Fetal Alcohol Syndrome: Information, Causes and Prevention

Fetal alcohol spectrum disorders, abbreviated simply as FASDs, are a group of conditions that can occur in a baby or person whose mother drank alcohol during pregnancy. FASD is the umbrella term for the range of disorders. Simply put, alcohol in the mother’s blood can pass to the baby through the umbilical cord. When a mother drinks alcohol, so does the baby.

There is no safe amount of alcohol that one could drink during pregnancy, or when trying to get pregnant. Alcohol can cause a huge amount of problems for a developing baby throughout pregnancy. These problems can be present even before the mother knows she is pregnant. If that mother is a heavy drinker, the conditions would be much worse. All types of alcohol are harmful; including all wines and beer.


The conditions that FASD will cause can include physical problems as well as problems with behavior and learning. This includes problems with vision, hearing, memory, attention span, and abilities to learn and communicate. Often, a person with a Fetal Alcohol Syndrome Disorder has a mix of these problems. Fetal Alcohol disorders can be mild or severe and can cause physical and mental birth defects.

The body of a developing fetus doesn’t process alcohol the same way an adult does. Alcohol is more concentrated in the fetus, and it can prevent nutrition and oxygen from getting to the fetus’ vital organs.

According to many studies, alcohol use is more harmful during the first three months of pregnancy. Of course, consumption of alcohol any time during pregnancy can be harmful. The guidelines from the American Academy of Pediatrics show more on this topic.

Achievement Center of Texas Fetal Alcohol Syndrome Center
"Craniofacial Features associated with fetal alcohol syndrome" via Wikimedia

Types of Fetal Alcohol Syndrome 

• Fetal Alcohol Syndrome (FAS); a severe form of the condition
• Partial Fetal Alcohol Syndrome (PFAS)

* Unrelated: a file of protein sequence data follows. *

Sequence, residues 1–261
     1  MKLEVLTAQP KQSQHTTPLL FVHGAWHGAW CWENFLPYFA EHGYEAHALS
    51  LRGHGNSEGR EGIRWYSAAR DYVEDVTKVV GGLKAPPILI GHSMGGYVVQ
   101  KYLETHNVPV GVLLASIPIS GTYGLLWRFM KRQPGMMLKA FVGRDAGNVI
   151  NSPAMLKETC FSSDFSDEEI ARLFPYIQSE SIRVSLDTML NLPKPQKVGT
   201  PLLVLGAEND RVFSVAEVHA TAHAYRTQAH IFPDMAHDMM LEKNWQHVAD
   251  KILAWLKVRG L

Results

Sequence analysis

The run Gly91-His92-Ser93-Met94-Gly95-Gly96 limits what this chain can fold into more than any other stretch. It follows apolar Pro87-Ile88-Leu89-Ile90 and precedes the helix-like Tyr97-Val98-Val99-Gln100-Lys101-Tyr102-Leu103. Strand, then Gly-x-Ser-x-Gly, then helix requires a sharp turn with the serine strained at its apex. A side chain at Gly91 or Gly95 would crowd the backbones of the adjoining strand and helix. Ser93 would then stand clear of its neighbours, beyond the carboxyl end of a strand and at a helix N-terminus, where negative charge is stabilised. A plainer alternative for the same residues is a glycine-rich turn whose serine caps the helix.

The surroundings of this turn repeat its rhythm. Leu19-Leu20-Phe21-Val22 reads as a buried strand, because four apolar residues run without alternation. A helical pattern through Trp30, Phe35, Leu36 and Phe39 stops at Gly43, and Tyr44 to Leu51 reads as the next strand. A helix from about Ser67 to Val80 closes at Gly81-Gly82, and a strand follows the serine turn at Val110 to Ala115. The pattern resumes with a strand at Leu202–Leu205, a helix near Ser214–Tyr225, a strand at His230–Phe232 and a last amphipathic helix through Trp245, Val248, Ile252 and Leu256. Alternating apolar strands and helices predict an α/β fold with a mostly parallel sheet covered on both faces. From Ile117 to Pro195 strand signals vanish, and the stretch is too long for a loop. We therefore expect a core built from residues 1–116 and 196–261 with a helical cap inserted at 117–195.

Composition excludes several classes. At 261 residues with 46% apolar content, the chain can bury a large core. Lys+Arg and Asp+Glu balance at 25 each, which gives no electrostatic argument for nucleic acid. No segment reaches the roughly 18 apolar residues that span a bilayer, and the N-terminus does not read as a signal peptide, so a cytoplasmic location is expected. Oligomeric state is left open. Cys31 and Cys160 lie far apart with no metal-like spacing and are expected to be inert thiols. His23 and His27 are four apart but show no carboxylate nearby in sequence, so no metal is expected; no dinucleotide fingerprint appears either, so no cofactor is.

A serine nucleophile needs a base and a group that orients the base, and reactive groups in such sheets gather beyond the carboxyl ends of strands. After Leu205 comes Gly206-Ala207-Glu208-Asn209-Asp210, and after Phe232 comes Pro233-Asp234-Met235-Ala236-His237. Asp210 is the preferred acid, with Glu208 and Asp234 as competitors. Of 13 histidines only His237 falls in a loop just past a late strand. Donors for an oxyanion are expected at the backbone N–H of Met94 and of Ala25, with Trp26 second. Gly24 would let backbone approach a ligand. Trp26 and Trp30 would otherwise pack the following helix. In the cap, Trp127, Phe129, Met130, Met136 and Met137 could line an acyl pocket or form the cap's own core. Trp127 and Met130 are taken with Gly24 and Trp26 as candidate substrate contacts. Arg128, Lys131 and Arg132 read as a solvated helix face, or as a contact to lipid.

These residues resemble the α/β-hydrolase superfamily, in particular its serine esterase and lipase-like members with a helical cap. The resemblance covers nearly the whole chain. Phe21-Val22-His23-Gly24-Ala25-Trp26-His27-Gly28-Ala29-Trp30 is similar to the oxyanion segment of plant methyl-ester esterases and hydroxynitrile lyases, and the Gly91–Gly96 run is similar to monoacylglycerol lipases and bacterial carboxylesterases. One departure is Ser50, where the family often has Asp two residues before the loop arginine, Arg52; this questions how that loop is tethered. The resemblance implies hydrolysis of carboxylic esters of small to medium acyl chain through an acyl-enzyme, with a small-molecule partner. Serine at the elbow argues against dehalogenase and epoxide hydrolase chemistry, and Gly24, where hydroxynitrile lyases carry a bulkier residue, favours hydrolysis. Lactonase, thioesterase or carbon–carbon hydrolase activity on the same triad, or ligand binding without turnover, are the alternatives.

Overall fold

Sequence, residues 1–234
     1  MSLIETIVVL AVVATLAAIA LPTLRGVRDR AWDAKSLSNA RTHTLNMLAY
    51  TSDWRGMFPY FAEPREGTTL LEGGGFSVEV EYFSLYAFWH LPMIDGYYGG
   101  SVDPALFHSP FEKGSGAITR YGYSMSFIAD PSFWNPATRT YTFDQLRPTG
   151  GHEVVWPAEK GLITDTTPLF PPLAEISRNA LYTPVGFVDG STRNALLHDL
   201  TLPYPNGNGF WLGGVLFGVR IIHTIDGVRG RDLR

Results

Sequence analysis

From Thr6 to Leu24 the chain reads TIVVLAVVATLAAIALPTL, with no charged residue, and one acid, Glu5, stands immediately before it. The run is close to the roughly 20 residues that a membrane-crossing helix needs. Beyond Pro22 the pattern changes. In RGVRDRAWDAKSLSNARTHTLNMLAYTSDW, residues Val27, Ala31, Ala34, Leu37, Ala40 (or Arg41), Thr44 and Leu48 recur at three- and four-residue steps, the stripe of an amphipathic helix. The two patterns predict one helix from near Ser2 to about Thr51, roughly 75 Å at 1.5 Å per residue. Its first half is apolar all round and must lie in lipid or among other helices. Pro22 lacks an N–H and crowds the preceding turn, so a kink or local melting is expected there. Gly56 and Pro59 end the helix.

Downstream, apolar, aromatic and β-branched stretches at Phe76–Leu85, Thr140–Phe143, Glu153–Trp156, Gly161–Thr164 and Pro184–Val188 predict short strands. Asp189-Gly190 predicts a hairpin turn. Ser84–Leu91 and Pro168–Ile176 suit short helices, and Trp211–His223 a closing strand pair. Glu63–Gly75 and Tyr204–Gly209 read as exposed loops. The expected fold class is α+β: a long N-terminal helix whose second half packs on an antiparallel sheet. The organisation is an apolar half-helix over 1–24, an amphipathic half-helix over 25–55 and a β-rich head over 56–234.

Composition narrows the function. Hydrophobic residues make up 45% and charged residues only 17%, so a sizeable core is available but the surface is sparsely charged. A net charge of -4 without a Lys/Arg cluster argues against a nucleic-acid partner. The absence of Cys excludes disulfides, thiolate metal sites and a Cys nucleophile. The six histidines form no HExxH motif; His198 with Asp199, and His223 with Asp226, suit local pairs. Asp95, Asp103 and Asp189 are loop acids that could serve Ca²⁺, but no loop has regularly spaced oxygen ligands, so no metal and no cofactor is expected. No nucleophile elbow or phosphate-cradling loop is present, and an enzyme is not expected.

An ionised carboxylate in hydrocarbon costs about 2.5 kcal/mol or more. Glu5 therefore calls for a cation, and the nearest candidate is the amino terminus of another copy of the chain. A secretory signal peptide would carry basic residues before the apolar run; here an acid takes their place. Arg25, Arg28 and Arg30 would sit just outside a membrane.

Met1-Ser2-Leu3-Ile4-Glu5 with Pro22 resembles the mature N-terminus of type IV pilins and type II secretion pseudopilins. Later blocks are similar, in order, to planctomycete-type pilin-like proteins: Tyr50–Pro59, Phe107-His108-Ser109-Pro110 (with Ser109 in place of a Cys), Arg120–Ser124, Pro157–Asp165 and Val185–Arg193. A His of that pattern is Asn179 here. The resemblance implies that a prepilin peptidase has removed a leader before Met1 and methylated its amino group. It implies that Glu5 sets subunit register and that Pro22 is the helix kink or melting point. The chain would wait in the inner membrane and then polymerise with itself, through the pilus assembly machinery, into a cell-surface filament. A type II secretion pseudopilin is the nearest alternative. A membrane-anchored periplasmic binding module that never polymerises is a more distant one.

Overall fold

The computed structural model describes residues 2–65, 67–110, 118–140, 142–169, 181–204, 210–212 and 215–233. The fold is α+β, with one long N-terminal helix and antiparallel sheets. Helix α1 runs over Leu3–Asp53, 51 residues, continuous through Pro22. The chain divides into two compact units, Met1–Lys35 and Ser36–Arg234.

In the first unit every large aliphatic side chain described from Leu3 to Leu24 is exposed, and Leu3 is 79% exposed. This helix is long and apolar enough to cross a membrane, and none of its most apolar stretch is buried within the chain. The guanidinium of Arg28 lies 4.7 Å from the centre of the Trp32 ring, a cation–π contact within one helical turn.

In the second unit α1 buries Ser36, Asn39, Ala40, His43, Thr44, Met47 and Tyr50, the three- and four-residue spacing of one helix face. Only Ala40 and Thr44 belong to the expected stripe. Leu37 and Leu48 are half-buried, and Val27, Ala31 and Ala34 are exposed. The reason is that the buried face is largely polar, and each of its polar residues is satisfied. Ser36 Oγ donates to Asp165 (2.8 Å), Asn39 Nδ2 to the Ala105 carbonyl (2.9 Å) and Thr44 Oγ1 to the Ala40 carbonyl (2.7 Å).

• Alcohol-related birth defects (ARBD)
• Alcohol-related Neurodevelopment Disorder (ARND)
• Neurobehavioral disorder associated with prenatal alcohol exposure

These can all cause malformations in the cardiac, skeletal, renal (urinary), ocular (eyes), and auditory systems.

Symptoms of Fetal Alcohol Syndrome

Because Fetal Alcohol Syndrome covers a wide range of problems, there are many possible symptoms. The severity of these symptoms ranges from mild to severe. Symptoms can include:

• A small head
• A smooth ridge between the upper lip and nose, small and wide-set eyes, a very thin upper lip, or other abnormal facial features
• Below average height and weight
• Hyperactivity
• Lack of focus
• Poor coordination
• Delayed development and problems in thinking, speech, movement, and social skills
• Poor judgment
• Problems seeing or hearing
• Learning disabilities
• Intellectual disability
• Heart problems
• Kidney defects and abnormalities
• Deformed limbs or fingers
• Mood swings

How ACT Helps Those with FAS

FAS is incurable, but there are treatments for some symptoms. The earlier the diagnosis, the more progress can be made. Depending on the symptoms a child with FAS exhibits, they may need many doctor or specialist visits. Special education and social services can help very young children. For example, speech therapists can work with toddlers to help them learn to talk.

Children with FASD will be better off if they live in a stable and loving home. They will do well with a regular routine, simple rules to follow, and rewards for positive behavior. If the children are exposed to violence or abuse at home, they are very likely to develop problems with violence and substance abuse later in life.


There are no medications that specifically treat FAS. However, several medications may address symptoms, and they include:
• antidepressants to treat problems with sadness and negativity
• stimulants to treat lack of focus, hyperactivity, and other behavioral problems
• neuroleptics to treat anxiety and aggression
• antianxiety drugs to treat anxiety


On top of taking the proper medication, Behavioral training may also help. Friendship training teaches kids social skills for interacting with their peers. Executive function training can improve skills such as self-control, reasoning, and understanding cause and effect. While Behavioral training might be effective, it is often not enough. Children with FAS might also need academic help. A math tutor could help a child who struggles in school.

Parents and siblings might also need help in dealing with the challenges this condition can cause. This help can come through talk therapy or support groups. Parents can also receive parental training tailored to the needs of their children. This kind of training teaches parents how to best interact with and care for their child.

Some parents and their children seek alternative treatments outside of the medical establishment. These include healing practices, such as massage and acupuncture (the placement of thin needles into key body areas) and movement techniques, such as exercise or yoga.

Achievement Center of Texas has many students with Fetal Alcohol Syndrome Disorder, and we have plenty of space to accommodate all of your individual needs and goals. Click the button below to begin the enrollment process.